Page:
57.  In the course of 1999 the Wrocław Regional Court held hearings on the following dates: 5 January, 4 February, 11 March, 14 April, 7 and 28 May, 9 June, 7 September, 29 October and 15 December. The hearings held on 7 September and 29 October 1999 were adjourned because a judge was ill.

58.  On 14 January 2000 the court held a hearing.

59.  During the hearings held between 25 November 1997 and 14 January 2000 the Wrocław Regional Court took evidence from more than fifty witnesses.

(f)  The conviction

60.  On 21 January 2000 the Wrocław Regional Court convicted the applicant and sentenced him to five years and six months’ imprisonment and to a fine. On 14 April 2000 the applicant appealed against his conviction.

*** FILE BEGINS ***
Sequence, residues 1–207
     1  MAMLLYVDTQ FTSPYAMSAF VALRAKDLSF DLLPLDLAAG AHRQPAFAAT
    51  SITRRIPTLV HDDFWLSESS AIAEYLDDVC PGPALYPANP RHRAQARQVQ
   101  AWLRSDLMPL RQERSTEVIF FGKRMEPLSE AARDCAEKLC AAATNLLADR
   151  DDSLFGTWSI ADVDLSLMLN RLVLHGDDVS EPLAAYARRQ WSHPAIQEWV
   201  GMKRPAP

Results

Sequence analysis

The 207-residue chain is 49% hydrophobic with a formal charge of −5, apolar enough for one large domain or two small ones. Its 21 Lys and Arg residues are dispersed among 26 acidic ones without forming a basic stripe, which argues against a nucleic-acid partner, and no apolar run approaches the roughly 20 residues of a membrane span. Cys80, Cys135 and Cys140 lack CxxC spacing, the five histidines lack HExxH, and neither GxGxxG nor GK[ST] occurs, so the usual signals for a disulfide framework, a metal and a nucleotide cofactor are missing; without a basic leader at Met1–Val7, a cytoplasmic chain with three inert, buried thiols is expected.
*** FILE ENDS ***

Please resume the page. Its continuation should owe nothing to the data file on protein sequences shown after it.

61.  On 24 August 2000 the Wrocław Court of Appeal dismissed the applicant’s appeal.

2.  The opening of the applicant’s letter to the European Court of Human Rights

62.  On 24 October 2000 the Court received the applicant’s letter of 9 October 2000. The front of the envelope in which the letter was delivered bears a stamp in Polish: “Opole Detention Centre, Ward III, Received on 09.10.2000.” On the back of the envelope there is a stamp in Polish: “Censored. Opole, 19.10.2000”. The top edge of the envelope is sealed with Sellotape. The envelope is postmarked 19 October 2000.

II.  RELEVANT DOMESTIC LAW

1.  Amendments to Polish criminal legislation

63.  Over the period to which the facts of the present case relate, i.e. from March 1995 to the beginning of 1999, Polish criminal legislation was amended on several occasions.